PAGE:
By Robyn Collins
Azealia Banks is claiming that she is a victim of a white supremacy and that her Twitter account was only suspended once she began insulting Caucasians.
Banks’ account was suspended by Twitter last night (May 12), days after she aimed racist insults at Zayn Malik over his new music video. The tweets were deleted, but Twitter still took action. Without Twitter to rant on, Banks took to Instagram and posted that she “insulted Indians, Pakistani, black folk… And my Twitter didn’t get suspended until I said ‘Whiteness is a mental illness.'”
Twitter isn’t the only one punishing Banks; she was removed from a headlining set at London’s Born & Bred Festival this week. Organizers for the event said they “celebrate inclusivity and equality” and would not tolerate Banks’ abusive tirades, reported the NME.
Banks is also reportedly being investigated by the Home Office, which could lead to the star being banned from entering the UK. In an official statement, the Home Office said, “Coming to the UK is a privilege, and we expect those who come here to respect our shared values. The Home Secretary has the power to exclude an individual if she considers that his or her presence in the UK is not conducive to the public good or if their exclusion is justified on public policy grounds.”
Last summer, the Home Office banned Tyler, the Creator for three to five years.
The incident is the latest in a long line of controversies for Banks.
Regarding Malik she posted, “Calling him [Malik] racial slurs was my way of trying to angrily remind him that he is in fact not one of them, he is one of US. The white privileges he’s so eager to take part in do not apply to him. He’s colored, like me. His people suffer at the helm of white supremacy just like mine do. He has NO RIGHT to treat me as if I’m not “worthy” of anything, because the white privilege he’s reaching for does not apply to him. In the racial-social construct of the pop world he is STILL beneath Justin Beiber [sic]. There are countless other white male pop stars who will be pushed to the front of the line while he has to work TWICE AS HARD to even be noticed. He needs a reality check and needs to respect that I am one of those people WHO HAS TO WORK TWICE AS HARD maybe 3x to make this happen for myself. Respect that we are both in the same boat and stop letting all that white p—- go to ur head.”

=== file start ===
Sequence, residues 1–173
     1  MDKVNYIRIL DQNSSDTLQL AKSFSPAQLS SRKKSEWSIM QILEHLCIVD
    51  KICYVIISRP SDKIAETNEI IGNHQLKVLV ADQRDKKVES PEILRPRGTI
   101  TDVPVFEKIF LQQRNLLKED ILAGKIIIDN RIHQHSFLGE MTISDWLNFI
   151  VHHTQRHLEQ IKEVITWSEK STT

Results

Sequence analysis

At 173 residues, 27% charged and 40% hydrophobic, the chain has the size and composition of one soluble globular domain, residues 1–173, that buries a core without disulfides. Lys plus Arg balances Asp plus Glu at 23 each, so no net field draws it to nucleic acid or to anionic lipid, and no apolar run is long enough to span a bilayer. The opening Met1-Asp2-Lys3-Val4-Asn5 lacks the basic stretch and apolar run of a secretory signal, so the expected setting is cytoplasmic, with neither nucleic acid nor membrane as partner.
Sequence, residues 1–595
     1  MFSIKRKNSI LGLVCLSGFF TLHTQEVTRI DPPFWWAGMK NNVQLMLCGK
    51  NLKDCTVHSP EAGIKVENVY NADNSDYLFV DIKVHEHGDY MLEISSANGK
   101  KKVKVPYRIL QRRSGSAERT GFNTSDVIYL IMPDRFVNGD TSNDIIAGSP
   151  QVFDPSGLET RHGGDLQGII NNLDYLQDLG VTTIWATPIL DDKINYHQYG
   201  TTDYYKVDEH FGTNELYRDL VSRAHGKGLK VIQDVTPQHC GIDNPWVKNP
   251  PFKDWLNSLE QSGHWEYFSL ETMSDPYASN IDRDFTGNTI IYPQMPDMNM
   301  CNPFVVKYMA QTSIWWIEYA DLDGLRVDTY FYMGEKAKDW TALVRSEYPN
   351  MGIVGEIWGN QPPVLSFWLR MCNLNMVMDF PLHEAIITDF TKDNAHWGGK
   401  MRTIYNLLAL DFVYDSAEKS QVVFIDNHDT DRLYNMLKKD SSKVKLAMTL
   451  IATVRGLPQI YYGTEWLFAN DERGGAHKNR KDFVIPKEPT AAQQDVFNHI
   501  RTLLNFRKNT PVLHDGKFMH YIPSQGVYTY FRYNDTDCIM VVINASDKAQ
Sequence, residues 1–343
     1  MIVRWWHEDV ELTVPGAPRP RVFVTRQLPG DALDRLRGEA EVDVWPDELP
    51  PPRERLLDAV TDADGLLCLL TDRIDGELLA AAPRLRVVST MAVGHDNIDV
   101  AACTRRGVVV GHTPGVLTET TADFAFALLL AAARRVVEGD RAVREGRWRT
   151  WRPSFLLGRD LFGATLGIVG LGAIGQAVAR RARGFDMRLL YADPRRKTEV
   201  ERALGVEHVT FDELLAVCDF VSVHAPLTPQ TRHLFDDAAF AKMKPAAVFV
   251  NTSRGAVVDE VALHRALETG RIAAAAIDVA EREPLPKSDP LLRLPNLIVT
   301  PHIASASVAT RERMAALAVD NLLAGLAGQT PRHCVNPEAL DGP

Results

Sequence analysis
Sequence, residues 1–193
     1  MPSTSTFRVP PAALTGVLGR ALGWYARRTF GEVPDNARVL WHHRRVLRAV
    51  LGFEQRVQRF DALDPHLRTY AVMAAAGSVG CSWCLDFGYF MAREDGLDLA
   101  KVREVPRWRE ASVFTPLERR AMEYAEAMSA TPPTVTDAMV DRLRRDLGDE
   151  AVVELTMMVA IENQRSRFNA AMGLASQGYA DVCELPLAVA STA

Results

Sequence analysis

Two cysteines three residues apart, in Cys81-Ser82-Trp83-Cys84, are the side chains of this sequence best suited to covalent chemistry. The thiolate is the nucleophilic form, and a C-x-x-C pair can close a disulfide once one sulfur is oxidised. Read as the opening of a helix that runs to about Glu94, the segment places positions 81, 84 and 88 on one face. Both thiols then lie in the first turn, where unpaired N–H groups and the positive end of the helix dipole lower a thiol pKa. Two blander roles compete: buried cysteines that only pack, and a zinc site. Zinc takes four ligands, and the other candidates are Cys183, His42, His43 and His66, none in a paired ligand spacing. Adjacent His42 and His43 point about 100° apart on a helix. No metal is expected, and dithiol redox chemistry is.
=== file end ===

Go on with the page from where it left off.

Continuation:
In response to a response she received, she responded, “Black folk are the first to discard their own especially when white media/society hangs one of us out for public crucifixion. From the minute I appeared on the scene I was told by black men in black media that I was ugly, skinny, had bad hair, was weird, made music for white people etc… And those messages penetrated the social consciousness of black America very quickly.”
“I’ve been belittled, berated, stolen from, called crazy when making clear and true observations about the world we live in only to then have all of those things reveal themselves to be truths. I’m not blaming anyone or anything for any of my actions but I think it’s really important to for people outside of us (black folk) to understand the detrimental effects of whiteness and white supremacy/white cultural pervasiveness on black peoples’ MENTAL HEALTH as a whole and the MENTAL HEALTH of black individual herself.”
She continued, “Zayn feeling as though he’s too good to acknowledge me, yet not too good to STEAL and copy my art is f—ing HURTFUL. And it happens everywhere. People steal and copy my art ALL THE TIME and try to pretend as if they are somehow above me when they are the ones without their own creative ideas to begin with. Music industry politics which completely mimic racial social constructs allow people like Zayn to hide behind his popularity amongst white folk when he himself is aiding in the work of white supremacy. Cultural Erasure. Another instance of a ‘white’ artist taking credit for the black artists hard work and passion. And truthfully, it’s pushing me over the f—ing edge. White society grinds down the self esteem of black artists to the point where we are expected to be silent about such obvious transgressions.”